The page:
Pop psychology and the self-help industry reinforce the belief that positive thinking can improve our mood and lead to beneficial life changes. But research in psychology suggests that indulging in undirected positive flights of fancy isn’t always in our interest.
“Positive thinking can make us feel better in the short-term,” says Gabriele Oettingen, professor of psychology at New York University, in an Aeon article, “but over the long-term, it saps our motivation, preventing us from achieving our wishes and goals, and leaving us feeling frustrated, stymied and stuck. If we really want to move ahead in our lives, engage with the world and feel energised, we need to go beyond positive thinking and connect as well with the obstacles that stand in our way. By bringing our dreams into contact with reality, we can unleash our greatest energies and make the most progress in our lives.”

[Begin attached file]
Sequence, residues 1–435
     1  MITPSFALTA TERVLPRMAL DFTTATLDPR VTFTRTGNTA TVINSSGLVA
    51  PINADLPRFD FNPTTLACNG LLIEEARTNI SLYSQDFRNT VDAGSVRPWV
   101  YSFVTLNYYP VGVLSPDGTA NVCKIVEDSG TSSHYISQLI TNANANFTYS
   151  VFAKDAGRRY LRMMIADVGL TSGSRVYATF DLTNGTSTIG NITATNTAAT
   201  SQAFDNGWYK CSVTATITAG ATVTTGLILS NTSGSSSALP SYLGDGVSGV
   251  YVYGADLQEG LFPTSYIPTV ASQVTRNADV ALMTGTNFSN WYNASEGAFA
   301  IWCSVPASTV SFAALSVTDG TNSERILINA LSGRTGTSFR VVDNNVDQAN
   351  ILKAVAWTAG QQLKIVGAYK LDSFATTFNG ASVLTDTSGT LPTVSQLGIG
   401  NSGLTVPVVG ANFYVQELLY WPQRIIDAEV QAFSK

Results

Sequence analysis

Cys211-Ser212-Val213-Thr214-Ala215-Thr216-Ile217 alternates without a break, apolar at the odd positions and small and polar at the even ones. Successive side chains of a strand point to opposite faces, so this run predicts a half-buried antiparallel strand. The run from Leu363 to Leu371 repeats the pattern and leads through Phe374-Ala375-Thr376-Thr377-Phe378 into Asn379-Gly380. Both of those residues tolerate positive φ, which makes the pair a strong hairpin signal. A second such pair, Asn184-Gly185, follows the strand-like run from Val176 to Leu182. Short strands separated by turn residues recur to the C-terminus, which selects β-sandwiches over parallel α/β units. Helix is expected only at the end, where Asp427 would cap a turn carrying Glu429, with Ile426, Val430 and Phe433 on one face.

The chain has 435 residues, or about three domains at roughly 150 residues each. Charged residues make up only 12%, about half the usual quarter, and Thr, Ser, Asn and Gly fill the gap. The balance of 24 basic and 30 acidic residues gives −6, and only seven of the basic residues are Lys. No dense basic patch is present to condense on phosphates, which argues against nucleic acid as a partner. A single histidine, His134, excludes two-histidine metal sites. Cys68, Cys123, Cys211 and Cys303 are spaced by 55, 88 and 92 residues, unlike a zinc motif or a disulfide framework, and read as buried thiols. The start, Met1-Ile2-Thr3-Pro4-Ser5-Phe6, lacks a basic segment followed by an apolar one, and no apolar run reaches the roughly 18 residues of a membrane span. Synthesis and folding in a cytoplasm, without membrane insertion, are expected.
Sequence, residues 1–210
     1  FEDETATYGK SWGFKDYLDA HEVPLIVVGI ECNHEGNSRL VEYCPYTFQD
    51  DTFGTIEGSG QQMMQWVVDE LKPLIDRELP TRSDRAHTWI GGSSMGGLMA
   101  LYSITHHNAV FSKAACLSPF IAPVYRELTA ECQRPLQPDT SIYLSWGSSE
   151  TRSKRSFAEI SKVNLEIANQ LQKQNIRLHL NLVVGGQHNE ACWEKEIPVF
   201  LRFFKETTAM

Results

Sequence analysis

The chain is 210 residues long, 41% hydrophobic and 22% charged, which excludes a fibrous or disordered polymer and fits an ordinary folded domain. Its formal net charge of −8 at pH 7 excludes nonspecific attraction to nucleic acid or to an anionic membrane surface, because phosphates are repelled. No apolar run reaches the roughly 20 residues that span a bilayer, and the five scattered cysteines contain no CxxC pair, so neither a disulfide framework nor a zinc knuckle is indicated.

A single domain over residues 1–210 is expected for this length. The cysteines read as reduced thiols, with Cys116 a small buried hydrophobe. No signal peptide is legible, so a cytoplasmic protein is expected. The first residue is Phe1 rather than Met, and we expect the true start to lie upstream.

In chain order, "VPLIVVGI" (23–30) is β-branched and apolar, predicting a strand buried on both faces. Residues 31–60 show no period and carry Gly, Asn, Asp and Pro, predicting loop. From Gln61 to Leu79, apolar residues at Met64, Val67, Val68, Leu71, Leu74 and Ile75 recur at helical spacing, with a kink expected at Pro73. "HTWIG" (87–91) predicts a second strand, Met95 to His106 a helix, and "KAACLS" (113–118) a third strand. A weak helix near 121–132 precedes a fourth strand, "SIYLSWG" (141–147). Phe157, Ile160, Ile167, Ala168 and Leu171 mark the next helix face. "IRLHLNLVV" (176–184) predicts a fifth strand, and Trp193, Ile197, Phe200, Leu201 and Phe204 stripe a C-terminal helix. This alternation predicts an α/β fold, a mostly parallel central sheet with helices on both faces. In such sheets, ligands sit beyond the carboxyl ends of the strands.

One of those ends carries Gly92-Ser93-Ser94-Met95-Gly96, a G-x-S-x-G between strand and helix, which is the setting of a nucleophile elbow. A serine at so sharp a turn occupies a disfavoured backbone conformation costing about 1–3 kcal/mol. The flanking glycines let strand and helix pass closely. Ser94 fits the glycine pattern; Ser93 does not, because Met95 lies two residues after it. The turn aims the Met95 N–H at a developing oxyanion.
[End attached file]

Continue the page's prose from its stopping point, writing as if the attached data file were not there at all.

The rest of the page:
In fact, positive thinking is harmful, says Oettingen. “In a number of studies over two decades, my colleagues and I have discovered a powerful link between positive thinking and poor performance. The more that people ‘think positive’ and imagine themselves achieving their goals, the less they actually achieve.
“Positive thinking impedes performance because it relaxes us and drains the energy we need to take action. Positive fantasies fool our minds into thinking that we’ve already achieved our goals – what psychologists call ‘mental attainment’. We achieve our goals virtually and thus feel less need to take action in the real world. As a result, we don’t do what it takes to actually succeed in achieving our goals. In multiple experiments, we found that people who positively fantasise about the future don’t, in fact, work as hard as those with more negative, questioning or factual thoughts, and this leaves them to struggle with poorer performance.”